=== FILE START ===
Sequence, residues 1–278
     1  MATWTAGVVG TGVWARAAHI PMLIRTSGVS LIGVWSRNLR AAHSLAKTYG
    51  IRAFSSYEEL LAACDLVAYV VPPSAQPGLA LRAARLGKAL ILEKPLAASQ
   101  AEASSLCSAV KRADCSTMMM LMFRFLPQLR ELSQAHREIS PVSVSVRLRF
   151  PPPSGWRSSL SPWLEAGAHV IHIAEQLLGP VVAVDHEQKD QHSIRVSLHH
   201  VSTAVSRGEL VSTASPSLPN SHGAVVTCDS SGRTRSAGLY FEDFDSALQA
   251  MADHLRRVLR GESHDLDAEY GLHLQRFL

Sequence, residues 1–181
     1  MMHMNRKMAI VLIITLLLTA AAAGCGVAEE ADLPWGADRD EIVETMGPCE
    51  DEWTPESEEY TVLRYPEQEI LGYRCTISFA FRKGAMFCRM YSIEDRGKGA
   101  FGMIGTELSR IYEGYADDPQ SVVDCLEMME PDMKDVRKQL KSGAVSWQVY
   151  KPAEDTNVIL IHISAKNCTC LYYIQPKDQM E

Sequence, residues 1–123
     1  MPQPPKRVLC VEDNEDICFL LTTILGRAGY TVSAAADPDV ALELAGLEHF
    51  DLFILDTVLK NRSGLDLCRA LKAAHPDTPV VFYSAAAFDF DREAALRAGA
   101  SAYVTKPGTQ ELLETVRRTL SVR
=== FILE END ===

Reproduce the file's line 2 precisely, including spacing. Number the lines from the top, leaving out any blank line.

     1  MATWTAGVVG TGVWARAAHI PMLIRTSGVS LIGVWSRNLR AAHSLAKTYG